Alabama’s education budget doesn’t have a surplus

Published 11:02 pm Tuesday, September 1, 2015

A few days back, on a Saturday morning, I was killing a little time by scrolling through the Twitter feed when I stumbled upon an interesting exchange.
Mary Scott Hunter, a member of the state school board, and state Sens. Phil Williams and Will Ainsworth – all three Republicans – are going back and forth over a proposal that some Republicans in the Alabama Legislature are pushing.
One that would steal $250 million from public education.
The theory that is being used to support this lunacy is that the education trust fund has money to spare, because it has a reserve fund that actually has money in it. The reason it has money is because these same GOP lawmakers thought it was important to set up a fund that would safeguard against lean financial years.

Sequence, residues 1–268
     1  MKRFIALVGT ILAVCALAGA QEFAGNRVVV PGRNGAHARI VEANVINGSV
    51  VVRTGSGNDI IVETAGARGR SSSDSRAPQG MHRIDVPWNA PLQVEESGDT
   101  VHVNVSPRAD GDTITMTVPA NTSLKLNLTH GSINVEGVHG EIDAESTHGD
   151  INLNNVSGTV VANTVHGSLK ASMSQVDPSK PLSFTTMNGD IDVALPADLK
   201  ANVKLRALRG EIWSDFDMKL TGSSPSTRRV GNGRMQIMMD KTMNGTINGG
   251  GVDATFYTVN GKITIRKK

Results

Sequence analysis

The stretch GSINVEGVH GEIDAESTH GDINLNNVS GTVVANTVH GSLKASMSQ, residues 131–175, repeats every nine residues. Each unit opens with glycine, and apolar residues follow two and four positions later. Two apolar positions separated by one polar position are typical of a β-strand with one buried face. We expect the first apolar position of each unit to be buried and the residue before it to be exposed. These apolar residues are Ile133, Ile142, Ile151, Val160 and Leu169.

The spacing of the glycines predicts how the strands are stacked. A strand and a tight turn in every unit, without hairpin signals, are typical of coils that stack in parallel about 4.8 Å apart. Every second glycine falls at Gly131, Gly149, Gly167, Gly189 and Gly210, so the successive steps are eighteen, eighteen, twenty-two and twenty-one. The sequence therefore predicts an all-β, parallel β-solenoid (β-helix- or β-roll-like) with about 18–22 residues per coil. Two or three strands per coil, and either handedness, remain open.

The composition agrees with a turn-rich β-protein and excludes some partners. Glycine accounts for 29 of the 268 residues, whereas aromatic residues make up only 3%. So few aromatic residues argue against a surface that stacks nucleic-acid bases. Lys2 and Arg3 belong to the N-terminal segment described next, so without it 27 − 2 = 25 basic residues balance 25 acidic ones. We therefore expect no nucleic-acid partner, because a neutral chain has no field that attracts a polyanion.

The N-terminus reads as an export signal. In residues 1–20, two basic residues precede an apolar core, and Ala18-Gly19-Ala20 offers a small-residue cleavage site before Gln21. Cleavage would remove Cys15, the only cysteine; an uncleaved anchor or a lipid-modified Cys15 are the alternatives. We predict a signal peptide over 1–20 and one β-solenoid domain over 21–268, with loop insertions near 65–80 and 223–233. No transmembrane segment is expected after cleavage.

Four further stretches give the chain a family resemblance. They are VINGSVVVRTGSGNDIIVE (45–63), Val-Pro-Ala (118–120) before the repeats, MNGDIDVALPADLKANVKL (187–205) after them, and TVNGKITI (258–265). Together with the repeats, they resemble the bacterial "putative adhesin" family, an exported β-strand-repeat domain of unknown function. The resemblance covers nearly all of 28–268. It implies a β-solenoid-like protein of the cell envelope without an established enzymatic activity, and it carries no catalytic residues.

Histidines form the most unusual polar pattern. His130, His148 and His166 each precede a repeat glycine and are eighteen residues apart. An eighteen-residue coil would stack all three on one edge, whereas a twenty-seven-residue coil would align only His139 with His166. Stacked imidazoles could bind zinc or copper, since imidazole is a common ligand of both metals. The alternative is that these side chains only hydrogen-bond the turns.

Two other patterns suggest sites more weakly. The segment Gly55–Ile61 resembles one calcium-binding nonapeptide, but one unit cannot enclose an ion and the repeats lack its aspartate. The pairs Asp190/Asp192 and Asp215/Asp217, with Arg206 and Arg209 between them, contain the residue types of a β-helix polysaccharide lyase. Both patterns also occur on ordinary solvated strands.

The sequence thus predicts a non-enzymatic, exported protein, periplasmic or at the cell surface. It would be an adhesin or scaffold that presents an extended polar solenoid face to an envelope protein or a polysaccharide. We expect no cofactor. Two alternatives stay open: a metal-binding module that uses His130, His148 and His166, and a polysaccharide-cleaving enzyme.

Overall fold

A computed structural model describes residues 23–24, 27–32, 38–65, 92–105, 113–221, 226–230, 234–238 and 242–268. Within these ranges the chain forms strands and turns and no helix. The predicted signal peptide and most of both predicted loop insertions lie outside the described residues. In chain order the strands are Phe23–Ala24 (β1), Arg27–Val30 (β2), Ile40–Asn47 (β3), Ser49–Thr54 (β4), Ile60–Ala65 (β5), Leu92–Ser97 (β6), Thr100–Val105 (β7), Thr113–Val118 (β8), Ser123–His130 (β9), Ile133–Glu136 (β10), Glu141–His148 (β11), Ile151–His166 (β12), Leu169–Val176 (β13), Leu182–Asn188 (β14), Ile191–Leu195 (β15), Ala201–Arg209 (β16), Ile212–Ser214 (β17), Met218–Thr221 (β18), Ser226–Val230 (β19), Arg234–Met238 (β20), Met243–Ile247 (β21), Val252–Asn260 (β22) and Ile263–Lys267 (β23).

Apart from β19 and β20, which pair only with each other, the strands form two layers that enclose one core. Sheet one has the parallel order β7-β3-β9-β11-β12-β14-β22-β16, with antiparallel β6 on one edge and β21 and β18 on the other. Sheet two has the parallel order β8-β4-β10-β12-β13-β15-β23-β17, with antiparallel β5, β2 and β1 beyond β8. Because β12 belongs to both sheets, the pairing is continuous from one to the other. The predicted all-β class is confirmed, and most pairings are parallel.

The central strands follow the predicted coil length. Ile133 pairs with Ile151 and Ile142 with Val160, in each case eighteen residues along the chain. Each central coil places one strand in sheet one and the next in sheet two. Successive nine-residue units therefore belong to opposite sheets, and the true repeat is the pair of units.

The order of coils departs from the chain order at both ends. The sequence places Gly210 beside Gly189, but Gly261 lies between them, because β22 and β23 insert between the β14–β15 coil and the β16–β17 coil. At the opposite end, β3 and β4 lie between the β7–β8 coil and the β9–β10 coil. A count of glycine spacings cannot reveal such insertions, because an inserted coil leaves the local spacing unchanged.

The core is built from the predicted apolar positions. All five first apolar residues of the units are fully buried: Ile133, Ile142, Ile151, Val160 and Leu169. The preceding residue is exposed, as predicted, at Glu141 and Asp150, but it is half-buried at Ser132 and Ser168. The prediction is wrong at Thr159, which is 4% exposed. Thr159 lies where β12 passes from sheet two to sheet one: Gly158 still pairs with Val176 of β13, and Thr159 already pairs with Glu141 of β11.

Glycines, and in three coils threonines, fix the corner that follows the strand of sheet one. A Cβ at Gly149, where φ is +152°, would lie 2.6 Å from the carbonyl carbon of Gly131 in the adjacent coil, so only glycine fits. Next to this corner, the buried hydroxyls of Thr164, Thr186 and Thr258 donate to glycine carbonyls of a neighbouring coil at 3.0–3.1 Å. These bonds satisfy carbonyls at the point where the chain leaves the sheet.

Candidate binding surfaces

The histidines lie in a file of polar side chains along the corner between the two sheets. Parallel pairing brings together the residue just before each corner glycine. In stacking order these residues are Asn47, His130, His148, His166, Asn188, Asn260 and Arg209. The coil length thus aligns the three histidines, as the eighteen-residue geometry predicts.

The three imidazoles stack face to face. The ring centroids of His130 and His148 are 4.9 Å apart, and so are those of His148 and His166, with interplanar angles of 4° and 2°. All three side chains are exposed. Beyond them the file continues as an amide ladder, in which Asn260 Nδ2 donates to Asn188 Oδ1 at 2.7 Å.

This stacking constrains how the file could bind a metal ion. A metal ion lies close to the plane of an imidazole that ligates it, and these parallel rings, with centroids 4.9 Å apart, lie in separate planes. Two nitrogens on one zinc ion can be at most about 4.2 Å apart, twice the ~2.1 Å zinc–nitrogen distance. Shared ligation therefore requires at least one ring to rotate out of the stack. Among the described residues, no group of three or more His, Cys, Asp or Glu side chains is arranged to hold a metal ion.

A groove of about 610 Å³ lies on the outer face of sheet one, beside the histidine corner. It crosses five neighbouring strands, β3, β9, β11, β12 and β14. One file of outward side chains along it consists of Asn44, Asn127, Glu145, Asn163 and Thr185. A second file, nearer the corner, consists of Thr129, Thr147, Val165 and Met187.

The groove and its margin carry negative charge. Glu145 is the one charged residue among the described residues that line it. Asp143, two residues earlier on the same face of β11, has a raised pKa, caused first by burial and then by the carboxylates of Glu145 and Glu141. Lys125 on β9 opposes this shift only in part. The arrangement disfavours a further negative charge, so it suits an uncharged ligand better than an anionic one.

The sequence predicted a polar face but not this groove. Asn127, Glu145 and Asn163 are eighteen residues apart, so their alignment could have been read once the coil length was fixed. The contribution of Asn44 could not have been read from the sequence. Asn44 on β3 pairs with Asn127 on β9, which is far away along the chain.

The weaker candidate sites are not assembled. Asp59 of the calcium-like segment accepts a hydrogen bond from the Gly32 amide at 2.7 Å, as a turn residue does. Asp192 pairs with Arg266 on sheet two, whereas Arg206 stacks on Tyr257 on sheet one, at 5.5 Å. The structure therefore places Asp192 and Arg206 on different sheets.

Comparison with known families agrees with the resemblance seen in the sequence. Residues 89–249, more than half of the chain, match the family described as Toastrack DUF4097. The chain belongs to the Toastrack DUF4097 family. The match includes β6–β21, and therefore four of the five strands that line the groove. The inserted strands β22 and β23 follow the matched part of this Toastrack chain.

So, they implemented the rolling reserve act, which created spending caps and set up reserve accounts that required the state to save some money in case of down times and also to make school improvements.
After a few decent economic years, there is money in the reserve fund.
But pretending like there’s an overflow of cash in that account is misguided, because public school funding in Alabama is still down some 20 percent since 2008. Teachers have seen one raise in the last eight years. Transportation still isn’t fully funded by the state. Textbooks are still a major issue for some districts.
So, when Hunter noticed a story stating that Alabama’s education trust fund budget had an excess of money and that lawmakers were pushing the idea of robbing that fund to cover the general fund’s $250 million hole, she took issue.
“There is no ‘large’ excess in the two ETF budgets I know best: K-12 and community colleges,” Hunter tweeted.
To which Williams replied: “No. You don’t know best. Never saw you in a budget meeting. Surplus is real and better than taxes.”
Yeah, he’s sweet.
Online– Montgomery Advertiser

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